Whether a farmer, chef or consumer, don’t you want your produce to be delicious, better for you and to stay fresh for longer? Well, world-renowned author and chef, Dan Barber, whose farm-to-table restaurants include the highly regarded Blue Hill in New York City and Blue Hill at Stone Barns in upstate New York, agrees. That’s why he’s on a mission to change the world of vegetables — one seed at a time.
After coming to the realization that the best-tasting vegetables aren’t bred for hardiness and therefore aren’t lucrative for farmers to grow, Barber decided to team up with vegetable seed breeders to grow new, tastier varieties of vegetables that are meant to be more flavorful, in addition to lasting longer than the ones on the market today.
For example, Barber is a particular fan of the heirloom variety of tomato, but unlike a regular tomato that can stay fresh despite long truck rides from farm to kitchen, heirloom tomatoes turn bad quickly and often have lower yields for farmers. This means it doesn’t make financial sense for farmers to grow them.
Unfortunately, in the world of breeders, yield, shelf life and uniformity are prioritized over more important things, like nutrition. Enter Row 7, “a seed company dedicated to deliciousness,” says its site.
Seven years ago, Barber challenged vegetable breeder Michael Mazourek to make a butternut squash taste better, and it was the first time Mazourek had ever been asked to breed for flavor. Barber and Mazourek, along with Matthew Goldfarb, another seed grower and co-founder of Fruition Seeds, joined forces to launch Row 7 this past February.
The company currently offers a selection of seeds “produced without synthetic chemicals and selected for organic systems,” the site states. “These methods create strong, resilient plants capable of fending for themselves, without a cocktail of chemical fertilizers and pesticides. Stronger plants literally are tastier plants.”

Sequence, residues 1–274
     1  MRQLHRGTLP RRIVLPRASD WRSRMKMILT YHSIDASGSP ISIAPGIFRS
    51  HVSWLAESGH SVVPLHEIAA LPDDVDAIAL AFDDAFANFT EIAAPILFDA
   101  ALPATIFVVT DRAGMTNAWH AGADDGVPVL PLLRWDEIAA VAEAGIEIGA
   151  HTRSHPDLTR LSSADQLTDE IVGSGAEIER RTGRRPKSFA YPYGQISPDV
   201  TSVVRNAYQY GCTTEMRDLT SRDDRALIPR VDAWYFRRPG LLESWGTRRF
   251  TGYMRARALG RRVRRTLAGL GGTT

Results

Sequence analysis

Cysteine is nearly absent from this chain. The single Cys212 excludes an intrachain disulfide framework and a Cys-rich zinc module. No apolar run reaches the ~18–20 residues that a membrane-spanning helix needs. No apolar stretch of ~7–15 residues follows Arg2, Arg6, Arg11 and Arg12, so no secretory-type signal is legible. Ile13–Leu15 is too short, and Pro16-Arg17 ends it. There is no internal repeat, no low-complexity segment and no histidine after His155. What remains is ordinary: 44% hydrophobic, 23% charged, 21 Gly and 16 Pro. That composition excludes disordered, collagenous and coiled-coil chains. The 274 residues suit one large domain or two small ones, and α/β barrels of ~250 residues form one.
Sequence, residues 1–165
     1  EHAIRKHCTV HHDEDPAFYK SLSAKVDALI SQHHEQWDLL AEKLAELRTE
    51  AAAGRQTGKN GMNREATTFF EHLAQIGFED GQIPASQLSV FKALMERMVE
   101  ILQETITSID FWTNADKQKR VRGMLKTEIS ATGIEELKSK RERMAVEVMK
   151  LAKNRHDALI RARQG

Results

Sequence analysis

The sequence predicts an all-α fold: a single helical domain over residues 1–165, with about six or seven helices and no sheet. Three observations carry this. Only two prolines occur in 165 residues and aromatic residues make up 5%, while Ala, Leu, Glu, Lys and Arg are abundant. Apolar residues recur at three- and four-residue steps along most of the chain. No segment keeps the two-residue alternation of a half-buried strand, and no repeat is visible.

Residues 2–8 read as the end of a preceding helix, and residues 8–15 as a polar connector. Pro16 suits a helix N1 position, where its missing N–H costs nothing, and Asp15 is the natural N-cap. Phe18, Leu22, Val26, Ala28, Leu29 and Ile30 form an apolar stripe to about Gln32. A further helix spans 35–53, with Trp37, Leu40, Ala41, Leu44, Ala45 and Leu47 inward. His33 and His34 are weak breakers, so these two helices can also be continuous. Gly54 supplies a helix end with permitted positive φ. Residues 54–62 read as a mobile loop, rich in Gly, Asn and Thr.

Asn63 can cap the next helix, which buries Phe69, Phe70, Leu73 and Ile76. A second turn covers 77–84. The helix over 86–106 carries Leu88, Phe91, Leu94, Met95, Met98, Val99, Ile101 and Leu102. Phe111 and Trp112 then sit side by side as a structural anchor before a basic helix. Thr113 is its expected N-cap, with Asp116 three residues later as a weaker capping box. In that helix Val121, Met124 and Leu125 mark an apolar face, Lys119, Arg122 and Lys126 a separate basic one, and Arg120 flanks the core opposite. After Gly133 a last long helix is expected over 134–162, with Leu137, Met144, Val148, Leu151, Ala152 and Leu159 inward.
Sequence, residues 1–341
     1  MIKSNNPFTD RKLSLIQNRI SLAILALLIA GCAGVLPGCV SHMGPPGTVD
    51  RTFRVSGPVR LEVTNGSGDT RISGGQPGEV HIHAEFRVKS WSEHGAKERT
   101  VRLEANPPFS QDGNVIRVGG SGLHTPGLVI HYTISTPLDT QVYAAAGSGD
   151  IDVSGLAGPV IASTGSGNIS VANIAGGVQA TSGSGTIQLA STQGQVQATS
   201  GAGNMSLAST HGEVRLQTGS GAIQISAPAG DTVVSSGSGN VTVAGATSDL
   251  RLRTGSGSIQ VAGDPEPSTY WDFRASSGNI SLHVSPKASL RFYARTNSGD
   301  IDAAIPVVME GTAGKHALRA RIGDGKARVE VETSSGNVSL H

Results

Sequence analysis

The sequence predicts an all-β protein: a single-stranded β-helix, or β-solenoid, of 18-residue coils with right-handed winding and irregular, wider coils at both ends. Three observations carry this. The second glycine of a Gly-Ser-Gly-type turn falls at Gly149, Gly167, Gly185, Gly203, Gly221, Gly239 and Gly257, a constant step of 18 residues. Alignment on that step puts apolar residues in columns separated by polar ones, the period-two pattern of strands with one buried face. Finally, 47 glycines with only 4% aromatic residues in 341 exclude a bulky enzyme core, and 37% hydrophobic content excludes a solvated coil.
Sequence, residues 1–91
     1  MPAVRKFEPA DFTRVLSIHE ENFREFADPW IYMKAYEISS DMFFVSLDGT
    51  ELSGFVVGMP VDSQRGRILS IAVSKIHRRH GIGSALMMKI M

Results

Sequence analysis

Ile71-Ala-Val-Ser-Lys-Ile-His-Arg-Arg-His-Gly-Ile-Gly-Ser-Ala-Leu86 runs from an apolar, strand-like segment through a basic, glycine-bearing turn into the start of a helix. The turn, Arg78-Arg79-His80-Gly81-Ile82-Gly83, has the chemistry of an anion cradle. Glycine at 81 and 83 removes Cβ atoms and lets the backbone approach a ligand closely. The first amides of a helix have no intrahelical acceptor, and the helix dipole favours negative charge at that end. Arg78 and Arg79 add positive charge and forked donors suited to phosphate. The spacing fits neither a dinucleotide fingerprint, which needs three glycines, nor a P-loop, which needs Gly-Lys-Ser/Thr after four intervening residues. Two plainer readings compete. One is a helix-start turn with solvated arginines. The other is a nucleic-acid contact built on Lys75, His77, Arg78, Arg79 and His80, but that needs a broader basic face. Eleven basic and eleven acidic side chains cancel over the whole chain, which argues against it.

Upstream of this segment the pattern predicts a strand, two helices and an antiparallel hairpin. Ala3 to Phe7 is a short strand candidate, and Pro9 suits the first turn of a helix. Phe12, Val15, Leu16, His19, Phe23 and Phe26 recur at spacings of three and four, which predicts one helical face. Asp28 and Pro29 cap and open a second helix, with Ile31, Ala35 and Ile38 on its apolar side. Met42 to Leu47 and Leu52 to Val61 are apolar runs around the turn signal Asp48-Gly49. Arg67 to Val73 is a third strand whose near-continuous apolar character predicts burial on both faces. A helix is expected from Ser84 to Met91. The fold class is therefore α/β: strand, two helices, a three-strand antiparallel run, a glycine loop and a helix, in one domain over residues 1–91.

In addition to being 100 percent certified organic and grown in the U.S., the seeds are non-GMO. Row 7 utilizes cross-pollination and “selection complemented by modern technology” to grow seeds that produce vegetables that are meant to taste superior while being better for you.
“Think: potatoes so creamy you don’t need butter,” contests Row 7. “A squash so packed with flavor, it doesn’t require maple syrup to make it delicious.”
The goal? To sell seeds that are easy to grow, nutritious and advantageous for seed diversity and affordability, from the start of the growing process to the end of it.
How beautiful is this grilled cucumber?
Row 7 currently features seven types of seeds: badger flame beet, robin’s koginut squash, habanada pepper, upstate abundance potato, 898 squash, 7082 cucumber and butternut 661. Moreover, the website features growing guides with everything you need to know about the seed. From its scientific name to field notes like soil requirements and what type of produce to expect, it’s all in the guide.
The website also offers foodies recipes such as smashed upstate abundance potatoes with chili oil, 898 puree and squash skin crumble and grilled 7082 cucumbers with fried dill.
I know I’ve been excited to cook with ripe, undeniably delicious vegetables bought from a farmer’s market only to have my enthusiasm deflated when my beautiful bounty goes bad. Hopefully, Row 7 will solve this issue for all of us vegetable lovers!
Anyone thinking of trying out Row 7? We want to hear how it goes!